I would agree with others that standing up a WSUS server and forcing clients to get their updates from that box would give you granular control over what machines get what updates and when.  Seeing as you have one client with 50+ machines, leveraging WSUS (heck, even creating a domain) seems like a no brainer.  Once the SUS is in place, point the clients to the SUS and put them into appropriate Target Groups and then YOU (or some other admin) manage the updates.  (But that's only half the story - see next main point below.)

However, that requires a bit of time and effort not to mention a server you can use for this.  In the mean time, two possible workarounds: 
  1. Leverage the "Show or hide updates" troubleshooter package to hide the updates you want to hide.  You can find more details here: https://support.microsoft.com/en-us/kb/3073930
  2. Set the network connection as metered, but unless this can be done via netsh, this only works for Wi-Fi and not Ethernet: Settings > Network & Internet > Wi-Fi > Advanced Options > Metered ON

RE: Automatic Restarting of the PC
Under Settings > Update & Security > Windows Update > Advanced Options I set the 'Choose how updates are installed' option to 'Notify to schedule restart' and I don't believe my machine has ever restarted without my knowing.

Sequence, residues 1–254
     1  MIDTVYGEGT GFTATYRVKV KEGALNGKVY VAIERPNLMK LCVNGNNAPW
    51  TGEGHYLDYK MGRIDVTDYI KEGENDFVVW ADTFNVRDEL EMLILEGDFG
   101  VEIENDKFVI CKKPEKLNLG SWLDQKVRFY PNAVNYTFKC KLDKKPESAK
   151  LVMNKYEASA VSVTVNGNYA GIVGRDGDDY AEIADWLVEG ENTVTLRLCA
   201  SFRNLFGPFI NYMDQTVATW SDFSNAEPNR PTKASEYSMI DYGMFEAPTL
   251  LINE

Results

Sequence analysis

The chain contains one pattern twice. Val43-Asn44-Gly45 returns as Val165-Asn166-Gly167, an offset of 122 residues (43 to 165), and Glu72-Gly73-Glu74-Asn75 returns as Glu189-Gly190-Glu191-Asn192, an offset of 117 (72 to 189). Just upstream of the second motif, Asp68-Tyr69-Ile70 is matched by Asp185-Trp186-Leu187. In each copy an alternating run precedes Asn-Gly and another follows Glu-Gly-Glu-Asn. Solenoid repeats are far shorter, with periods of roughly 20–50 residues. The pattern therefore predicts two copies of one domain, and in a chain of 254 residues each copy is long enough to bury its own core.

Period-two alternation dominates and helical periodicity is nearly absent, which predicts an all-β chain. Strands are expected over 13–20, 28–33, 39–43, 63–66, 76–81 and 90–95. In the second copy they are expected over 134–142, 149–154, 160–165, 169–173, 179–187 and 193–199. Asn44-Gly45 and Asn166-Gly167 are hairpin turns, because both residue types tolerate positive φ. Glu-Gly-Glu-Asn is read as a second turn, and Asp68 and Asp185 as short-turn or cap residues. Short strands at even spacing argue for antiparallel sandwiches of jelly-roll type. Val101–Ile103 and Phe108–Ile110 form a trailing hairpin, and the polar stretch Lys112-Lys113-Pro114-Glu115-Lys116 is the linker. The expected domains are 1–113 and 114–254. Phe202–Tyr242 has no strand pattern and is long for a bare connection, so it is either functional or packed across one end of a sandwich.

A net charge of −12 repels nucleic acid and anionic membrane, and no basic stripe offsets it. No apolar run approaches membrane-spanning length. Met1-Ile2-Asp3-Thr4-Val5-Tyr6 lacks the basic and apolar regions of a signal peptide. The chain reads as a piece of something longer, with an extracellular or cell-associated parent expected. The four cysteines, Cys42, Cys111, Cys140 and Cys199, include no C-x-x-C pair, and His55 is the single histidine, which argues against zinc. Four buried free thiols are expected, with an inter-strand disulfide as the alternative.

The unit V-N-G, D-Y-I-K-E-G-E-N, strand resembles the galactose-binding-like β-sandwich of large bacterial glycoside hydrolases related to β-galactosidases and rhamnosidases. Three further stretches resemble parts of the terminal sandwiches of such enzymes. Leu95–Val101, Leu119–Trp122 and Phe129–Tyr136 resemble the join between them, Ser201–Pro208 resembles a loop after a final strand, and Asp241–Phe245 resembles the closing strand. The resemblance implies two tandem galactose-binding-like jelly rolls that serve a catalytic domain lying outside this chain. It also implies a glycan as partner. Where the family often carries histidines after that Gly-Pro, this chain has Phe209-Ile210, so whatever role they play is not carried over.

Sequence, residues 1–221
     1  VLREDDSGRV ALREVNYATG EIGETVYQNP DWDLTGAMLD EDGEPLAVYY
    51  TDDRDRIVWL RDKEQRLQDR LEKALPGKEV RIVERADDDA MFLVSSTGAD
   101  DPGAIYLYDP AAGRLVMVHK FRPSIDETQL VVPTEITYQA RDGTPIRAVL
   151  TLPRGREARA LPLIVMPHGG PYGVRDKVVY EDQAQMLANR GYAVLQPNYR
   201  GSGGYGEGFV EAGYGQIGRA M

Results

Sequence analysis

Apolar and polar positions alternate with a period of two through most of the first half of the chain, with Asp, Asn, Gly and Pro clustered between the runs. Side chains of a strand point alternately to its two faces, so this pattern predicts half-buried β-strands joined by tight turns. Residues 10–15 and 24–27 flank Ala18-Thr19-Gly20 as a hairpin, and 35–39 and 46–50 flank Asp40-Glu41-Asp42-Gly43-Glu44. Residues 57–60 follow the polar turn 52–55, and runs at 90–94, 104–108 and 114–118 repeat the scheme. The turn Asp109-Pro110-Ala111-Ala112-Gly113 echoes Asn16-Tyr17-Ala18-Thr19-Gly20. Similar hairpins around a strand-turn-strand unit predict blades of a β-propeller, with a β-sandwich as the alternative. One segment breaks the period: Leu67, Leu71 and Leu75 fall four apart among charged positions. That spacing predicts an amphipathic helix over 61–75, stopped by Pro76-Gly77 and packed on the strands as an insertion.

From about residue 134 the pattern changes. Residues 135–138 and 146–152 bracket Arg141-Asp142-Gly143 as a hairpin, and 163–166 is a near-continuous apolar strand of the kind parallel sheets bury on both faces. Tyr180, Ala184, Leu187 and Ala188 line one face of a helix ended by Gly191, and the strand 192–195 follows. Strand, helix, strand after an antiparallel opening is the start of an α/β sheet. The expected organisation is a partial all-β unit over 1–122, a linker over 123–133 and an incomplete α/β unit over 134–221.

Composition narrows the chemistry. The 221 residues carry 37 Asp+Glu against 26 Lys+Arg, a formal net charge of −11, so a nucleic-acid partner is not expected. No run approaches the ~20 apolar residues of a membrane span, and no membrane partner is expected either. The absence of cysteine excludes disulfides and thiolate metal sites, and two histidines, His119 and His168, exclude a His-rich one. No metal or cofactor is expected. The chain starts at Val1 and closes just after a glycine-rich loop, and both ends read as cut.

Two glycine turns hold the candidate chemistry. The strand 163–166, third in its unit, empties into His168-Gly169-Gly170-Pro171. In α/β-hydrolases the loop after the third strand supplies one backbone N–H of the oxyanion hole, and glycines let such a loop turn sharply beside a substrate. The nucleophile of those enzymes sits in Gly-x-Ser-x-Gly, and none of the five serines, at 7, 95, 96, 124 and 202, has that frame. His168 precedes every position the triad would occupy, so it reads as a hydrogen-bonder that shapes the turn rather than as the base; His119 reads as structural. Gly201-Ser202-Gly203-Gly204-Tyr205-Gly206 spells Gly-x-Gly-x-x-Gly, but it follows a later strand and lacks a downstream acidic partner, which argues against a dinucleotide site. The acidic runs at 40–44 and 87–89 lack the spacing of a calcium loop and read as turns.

Because you have a bunch of machines you're dealing with, just set the GPO-equivalent registry keys to configure Windows Updates:
  • HKLM\Software\Policies\Microsoft\Windows\WindowsUpdate
  • HKLM\Software\Policies\Microsoft\Windows\WindowsUpdate\AU
Pre-configre a machine, using this and gpedit.msc as your guide, export the key then import on all systems.  Obviously having these machines connected to a domain helps tremendously with something like this as it could easily be centrally managed.
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Mark Minasi

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Reply with quote  #15 
Just in case folks don't know all about the Windows 10 update story, I talked to Richard Campbell about this a few weeks ago.  Here's the link:

http://runasradio.com/Shows/Show/453